My job (self-appointed as it may be) is to teach these skills to others, so they can grow and deliver fresh food to their families and neighbors. I feel that every community of faith should start developing its own food source for its members. One of my favorite places to teach is the market at Creative Living Fellowship, the church I attend. They provide a wonderful space for me to teach in and are deeply committed to the transformation of our food system.
In selecting and designing a garden plot, what are the main factors to consider?
Planting your garden in the appropriate spot is imperative for your success. The biggest factor is placing it where it will get enough sun, but not too much. Hmm . . . what the heck does that mean? For those of us in the desert southwest, we need to plan for shade during the hottest part of the day from May to October. So, that means we avoid western exposure, which gets sun directly on the garden from noon to sundown. This space however, may be the perfect place for a winter garden. In the northern hemisphere, the southern exposure gets sun all day, which in my area requires some shade. An eastern exposure gets sun from sunup ‘til noon, making it a very advantageous place to plant here in the desert. Northern exposure gets little to no sun and is typically a hard place to grow, but, if that is all you have, give it a shot.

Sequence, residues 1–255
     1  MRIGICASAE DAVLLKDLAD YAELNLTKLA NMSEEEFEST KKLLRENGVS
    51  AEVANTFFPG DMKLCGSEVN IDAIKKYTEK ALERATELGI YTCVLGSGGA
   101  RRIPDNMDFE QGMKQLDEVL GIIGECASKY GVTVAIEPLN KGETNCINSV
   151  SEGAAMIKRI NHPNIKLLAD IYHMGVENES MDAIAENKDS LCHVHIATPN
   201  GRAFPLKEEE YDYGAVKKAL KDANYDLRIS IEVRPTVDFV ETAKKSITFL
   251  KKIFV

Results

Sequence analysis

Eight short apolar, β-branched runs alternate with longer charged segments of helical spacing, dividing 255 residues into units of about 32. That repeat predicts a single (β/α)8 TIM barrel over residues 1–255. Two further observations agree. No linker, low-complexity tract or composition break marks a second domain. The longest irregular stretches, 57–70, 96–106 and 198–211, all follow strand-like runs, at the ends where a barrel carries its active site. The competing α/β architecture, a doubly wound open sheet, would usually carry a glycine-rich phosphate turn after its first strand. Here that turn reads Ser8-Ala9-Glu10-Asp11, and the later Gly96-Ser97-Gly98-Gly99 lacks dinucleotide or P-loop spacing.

I often tell people that gardening is one great, big experiment—so experiment away, and when you find that something works, do more of it! Gardening placement requires planting something to see how it will work. So, here is your permission to jump in and play.